* Managers often rely on third-parties
* Use of outside research may cost investors
By Jessica Toonkel
NEW YORK, June 28 (Reuters) - Usually proprietary means exclusive. But when it comes to quantitative equity models that some mutual fund managers charge a premium for, proprietary is a matter of degree.
Even fund managers disagree about the definition of proprietary. To some, it refers to models they built with third-party data. Others use it to describe their own personalized version of someone else’s quantitative investing model.
“Quite often managers will pitch us their process and they will claim it is differentiated but that is not always entirely the case,” said Stephen Miles, senior investment consultant and manager of research in the London office of Towers Watson .
That grey area means that investors in these so-called quant funds may have to do more digging into their managers’ process to make sure they are getting what they are paying for.
Quant funds generally cost slightly more than non-quant funds, according to Lipper. Investors may ignore the premium because they think a proprietary quant model with a secret formula gives them an edge.
The ambiguous meaning of “proprietary” became evident most recently at BlackRock Inc.
Earlier this year the New York-based firm changed the prospectus for its $3.7 billion Large Cap Series to show that the models for the funds were “generated by third-party research firms.” Previously, the prospectus had stated that a “proprietary multi-factor quantitative model” formed the investing strategy for the three funds.
The funds’ manager, Bob Doll, had always used third-party models. But he had customized them, “applied relative weightings,” and added his own fundamental analysis to construct a portfolio, he said in a statement.
Doll is retiring from BlackRock Friday.
Some managers of quantitative equity mutual funds use third-party models and tweak them to some degree while others bring third-party data into their own models, experts said.
For example, J.P. Morgan Asset Management, the asset management arm of JPMorgan Chase & Co, uses earnings estimates from third parties and MSCI’s Barra software to help assess and manage risk, although the rest of its model is constructed using its own tools.
“I would describe that as proprietary, but one could say it isn‘t,” said Dennis Ruhl, chief investment officer of the firm’s behavioral finance group. “There does tend to be a grey area.”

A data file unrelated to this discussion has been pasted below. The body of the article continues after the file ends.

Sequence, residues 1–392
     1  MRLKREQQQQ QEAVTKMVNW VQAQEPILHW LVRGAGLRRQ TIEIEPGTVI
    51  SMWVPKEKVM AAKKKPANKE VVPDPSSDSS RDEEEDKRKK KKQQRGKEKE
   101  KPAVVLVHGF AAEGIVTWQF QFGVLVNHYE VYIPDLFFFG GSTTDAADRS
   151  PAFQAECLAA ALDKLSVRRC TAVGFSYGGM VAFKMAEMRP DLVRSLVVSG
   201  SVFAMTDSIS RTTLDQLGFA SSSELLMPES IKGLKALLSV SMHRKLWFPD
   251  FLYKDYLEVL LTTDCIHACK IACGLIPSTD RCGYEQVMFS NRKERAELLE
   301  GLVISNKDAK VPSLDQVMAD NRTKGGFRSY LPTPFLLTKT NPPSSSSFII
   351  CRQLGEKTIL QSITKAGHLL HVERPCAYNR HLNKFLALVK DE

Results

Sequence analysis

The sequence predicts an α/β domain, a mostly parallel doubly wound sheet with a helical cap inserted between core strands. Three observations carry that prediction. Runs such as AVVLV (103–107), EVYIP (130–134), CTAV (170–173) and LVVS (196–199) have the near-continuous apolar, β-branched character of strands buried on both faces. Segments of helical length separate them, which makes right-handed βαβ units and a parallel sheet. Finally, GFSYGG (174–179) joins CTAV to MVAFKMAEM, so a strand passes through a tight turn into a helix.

There are typically three steps to a traditional, quantitative equity fund manager’s process: choosing or building the models, determining the weightings of the portfolios after running figures through the models, and constructing the final portfolio based on the models and other analysis, experts said.
That last step is usually proprietary, but the first two steps can be outsourced to third parties, said Vadim Zlotnikov, chief market strategist at Bernstein Research, a unit of AllianceBernstein LP.
“If a manager thinks they are adding value through the portfolio construction, that is what they focus on,” he said.
Some managers believe that it is difficult to provide differentiated returns by relying mostly on third-party models.
For one, third-party models used by fund managers may only work for so long, said Sandip A. Bhagat, a principal and global head of equities at The Vanguard Group. The research firms that create them typically sell them to multiple fund managers.
“There is nothing unique about your insights and if enough people have access to that concept, money will chase the idea to the point that the idea just stops ... providing good returns,” he said. Vanguard uses proprietary models, said Bhagat.
For the past five years, long-only quantitative equity funds are down 2.38 percent, compared to non-quant equity funds, which have fallen 1.07 percent, according to Lipper.
Investors need to be informed clearly, said Russ Kinnel, director of mutual fund research at Morningstar Inc. “Investors need to know how their managers are using third-party research and what else is going into that process.”
A manager relying largely on third-party models and research should charge less than those who are primarily relying on their own models, Kinnel said.
The average expense ratio for quantitative equity funds is 1.12 percent, compared to 1.04 percent for non-quant funds, according to Lipper.
What’s more, third-party research and models are typically paid for with “soft dollars” - or through commission revenue rather than through direct payments.
“Ultimately, these payments are shaving returns off the funds,” said Harold Bradley, chief investment officer (CIO) for the Ewing Marion Kauffman Foundation, who oversees his own proprietary quant investments for the foundation. “It is not transparent at all.”